Masculine and feminine rhymes: Their structural effect

Reuven Tsur*

*Corresponding author for this work

Research output: Contribution to journalArticlepeer-review


This article assumes that poets use "masculine" and "feminine" rhymes not only in order to conform with conventions based on grammatical rules, but also because they are heard different. It explores possible combinations of two independent variables: stress placement in, and phonetic structure of, rhyme words. Masculine rhyme in the tonic-syllabic metre consists of a metrical strong position occupied by a stressed syllable, generating an abrupt cut-off point. In the feminine rhyme, by contrast, this clear-cut ending is followed by an unstressed syllable rendering the halt more gradual, more fuzzy-edged. Consequently, it is perceived as softer, less forceful, more pliable. Clive Scott pointed out similar effects in French versification: "masculine rhymes are abrupt, unrelenting, circumscribed,⋯ feminine rhymes are evanescent, yielding, reverberant." Speech sounds too may be either [+ABRUPT], or [+CONTINUOUS], [±PER10DIC], [±NASAL], Both feminine rhymes and nasals may be described as reverberant. These two variables can be combined in unforeseen combinations with each other and with meaning, yielding unforeseen perceptual qualities. Such qualities are not inferred but directly perceived, and can be discussed only after the event.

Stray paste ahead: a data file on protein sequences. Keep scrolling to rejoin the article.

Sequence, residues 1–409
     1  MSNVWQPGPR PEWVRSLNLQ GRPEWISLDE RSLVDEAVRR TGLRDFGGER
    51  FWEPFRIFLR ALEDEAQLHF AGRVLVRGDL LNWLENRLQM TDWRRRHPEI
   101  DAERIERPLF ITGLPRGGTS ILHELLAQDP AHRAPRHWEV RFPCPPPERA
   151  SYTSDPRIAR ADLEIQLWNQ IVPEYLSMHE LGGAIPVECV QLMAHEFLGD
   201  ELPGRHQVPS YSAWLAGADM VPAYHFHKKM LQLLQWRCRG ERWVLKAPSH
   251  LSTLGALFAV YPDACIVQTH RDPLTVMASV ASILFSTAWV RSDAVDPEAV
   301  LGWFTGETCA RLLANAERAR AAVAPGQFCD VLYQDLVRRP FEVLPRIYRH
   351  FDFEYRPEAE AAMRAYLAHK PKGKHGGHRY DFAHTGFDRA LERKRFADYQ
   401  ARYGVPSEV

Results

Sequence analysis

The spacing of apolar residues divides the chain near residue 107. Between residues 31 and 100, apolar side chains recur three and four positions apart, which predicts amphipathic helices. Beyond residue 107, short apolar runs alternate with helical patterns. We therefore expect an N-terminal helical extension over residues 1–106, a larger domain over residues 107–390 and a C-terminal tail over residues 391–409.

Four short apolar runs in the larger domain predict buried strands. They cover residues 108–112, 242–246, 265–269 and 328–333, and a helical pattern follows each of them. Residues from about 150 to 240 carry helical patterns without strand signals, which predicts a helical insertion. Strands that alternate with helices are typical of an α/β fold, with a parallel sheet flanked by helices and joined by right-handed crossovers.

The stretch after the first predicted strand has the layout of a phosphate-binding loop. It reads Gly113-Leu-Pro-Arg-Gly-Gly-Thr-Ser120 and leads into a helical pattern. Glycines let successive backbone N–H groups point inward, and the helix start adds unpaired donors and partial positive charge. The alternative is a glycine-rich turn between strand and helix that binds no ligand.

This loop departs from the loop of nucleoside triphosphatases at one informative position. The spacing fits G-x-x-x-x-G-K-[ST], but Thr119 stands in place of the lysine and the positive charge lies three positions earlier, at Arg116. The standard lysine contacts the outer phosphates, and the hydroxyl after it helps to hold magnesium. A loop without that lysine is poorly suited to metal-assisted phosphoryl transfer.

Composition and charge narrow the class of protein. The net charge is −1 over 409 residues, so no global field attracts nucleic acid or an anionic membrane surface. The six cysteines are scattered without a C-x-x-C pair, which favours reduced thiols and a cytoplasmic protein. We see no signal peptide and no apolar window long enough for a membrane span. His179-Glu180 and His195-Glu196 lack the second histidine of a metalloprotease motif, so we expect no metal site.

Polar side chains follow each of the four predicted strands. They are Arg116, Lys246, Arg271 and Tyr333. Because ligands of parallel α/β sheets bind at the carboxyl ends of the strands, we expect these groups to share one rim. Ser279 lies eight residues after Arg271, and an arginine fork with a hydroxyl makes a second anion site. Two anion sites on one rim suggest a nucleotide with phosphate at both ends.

Original languageEnglish
Pages (from-to)1-24
Number of pages24
Issue number1
StatePublished - Mar 2013


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